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I have an installer written in Java using Izpack. It works OK on Windows XP, however on Windows 7 it cannot write to c:\Program Files. Strangely enough, as a user running this installer I can create folders under c:\program files, but not from the installer itself.

What am I missing ?

3
  • What do you mean by 'as a user running this installer', vs 'not from the installer itself'. How is the installer calling itself?
    – C. Ross
    Feb 4, 2010 at 22:42
  • I mean manually, i.e. using the explorer I can create files and directories under c:\program files, but programmatically, i.e. from this Java installer - I can't
    – Demiurg
    Feb 4, 2010 at 23:08
  • I finally resolved the problem by making the installer ask for appropriate privilege escalation as was suggested below.
    – Demiurg
    Feb 5, 2010 at 16:58

5 Answers 5

6

in order to write to this path, the installer would need to ask for and been granted run as adminsitrator privledges.

For Java: Run the CMD prompt as admin or powershell as admin and navigate to JAVA's Bin dir....and run java.exe -jar #Full path of your jar file# that will get it the privledges

3
  • I'm running the application as admin. As I already mentioned, I can create files and directories under c:\program files as the user running the installer, but the installer cannot!
    – Demiurg
    Feb 4, 2010 at 23:01
  • There is a big difference between being an admin user and running an application 'As Administrator' . Right click on the installer and you will see a sheild icon with run as administrator next to it. Choose that option.
    – Alex
    Feb 5, 2010 at 0:46
  • 3
    Run the CMD prompt as admin or powershell as admin and navigate to JAVA's Bin dir....and run java.exe -jar #Full path of your jar file# that will get it the privledges
    – Alex
    Feb 5, 2010 at 0:49
2

Add

<run-privileged/>

to the info part of your installer.xml.

For example::

<info>
    <appname>IzPack</appname>
    <appversion>4.2.0</appversion>
    <authors>
        <author email="" name="Julien Ponge (project founder)"/>
        <author email="" name="The fantastic IzPack developers and contributors"/>
    </authors>
    <url>http://izpack.org/</url>
    <javaversion>1.5</javaversion>
    <requiresjdk>no</requiresjdk>
    <run-privileged condition="izpack.windowsinstall.vista|izpack.macinstall"/>
    <summarylogfilepath>$INSTALL_PATH/installinfo/Summary.htm</summarylogfilepath>
</info>
1

You need to run the installer as admin. Only admin can write to the Program Files directory. Usually when a user tries to make changes, the UAC asks if you're sure. This isn't necessarily true for a program.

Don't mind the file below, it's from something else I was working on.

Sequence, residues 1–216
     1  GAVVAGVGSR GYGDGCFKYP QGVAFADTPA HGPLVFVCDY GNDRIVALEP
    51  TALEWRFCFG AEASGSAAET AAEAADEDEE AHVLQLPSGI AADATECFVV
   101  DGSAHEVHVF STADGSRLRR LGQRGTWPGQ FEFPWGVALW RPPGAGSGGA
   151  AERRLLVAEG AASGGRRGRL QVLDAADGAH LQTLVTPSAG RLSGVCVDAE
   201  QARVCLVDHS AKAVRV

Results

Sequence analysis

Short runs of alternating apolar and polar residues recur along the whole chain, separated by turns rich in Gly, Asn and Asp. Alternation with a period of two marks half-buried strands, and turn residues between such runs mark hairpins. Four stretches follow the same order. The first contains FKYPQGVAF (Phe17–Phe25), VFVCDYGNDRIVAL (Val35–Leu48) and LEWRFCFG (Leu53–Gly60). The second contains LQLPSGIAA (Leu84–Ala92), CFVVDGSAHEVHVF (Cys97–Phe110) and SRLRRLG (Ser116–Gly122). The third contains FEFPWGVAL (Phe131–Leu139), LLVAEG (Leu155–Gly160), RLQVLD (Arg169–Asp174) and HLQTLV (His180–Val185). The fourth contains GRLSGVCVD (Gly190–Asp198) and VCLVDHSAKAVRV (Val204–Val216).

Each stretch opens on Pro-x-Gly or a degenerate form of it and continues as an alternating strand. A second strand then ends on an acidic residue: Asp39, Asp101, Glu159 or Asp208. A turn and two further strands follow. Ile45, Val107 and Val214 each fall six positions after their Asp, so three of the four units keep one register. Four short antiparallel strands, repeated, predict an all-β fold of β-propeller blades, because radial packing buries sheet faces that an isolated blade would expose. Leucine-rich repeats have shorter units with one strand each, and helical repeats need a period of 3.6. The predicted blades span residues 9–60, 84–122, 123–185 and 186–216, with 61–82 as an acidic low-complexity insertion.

3
  • I am running it as admin, please see above for more details
    – Demiurg
    Feb 4, 2010 at 23:00
  • 1
    Running as admin in Windows Vista and 7 doesn't mean running as admin in Windows XP. You still have grant your software privileges for the UAC.
    – Joel
    Feb 4, 2010 at 23:13
  • Also, those privileges are not transitive. If your host program has been granted UAC access, the child, by default, isn't.
    – Joel
    Feb 4, 2010 at 23:13
1

Have you tried with Run As... Administrator option ?

3
  • As the installer is a .jar file, I cannot use "run as", but again, this is not the issue - I'm running it as an administrator
    – Demiurg
    Feb 4, 2010 at 23:04
  • 1
    If you are logged in as administrator, this doesn't mean the application you run will gain administrator privileges.
    – anthares
    Feb 4, 2010 at 23:35
  • 1
    To be more specific, you're not running as admin. You're running as a privileged user who can elevate to admin, with UI confirmation. For example, whenever you create a folder in Explorer, you should get an UAC confirmation prompt asking if it's okay to do so. There's no way to work around that one (short of disabling UAC) - and it's not magically shoehorned on all applications. Your app has to know about this issue, and request the system to elevate (popping up the UAC dialog and asking the user if he is okay with that) whenever you need "real admin" access. Feb 5, 2010 at 1:12
0
  1. Run cmd with administrative privileges
  2. java -jar ***.jar
1
  • 2
    Please highlight the additional insight in comparison to the ancient, upvoted and accepted answer. Apart from that, code-only answers lack the explanation to be considered good answers.
    – Yunnosch
    Jun 5, 2018 at 4:41

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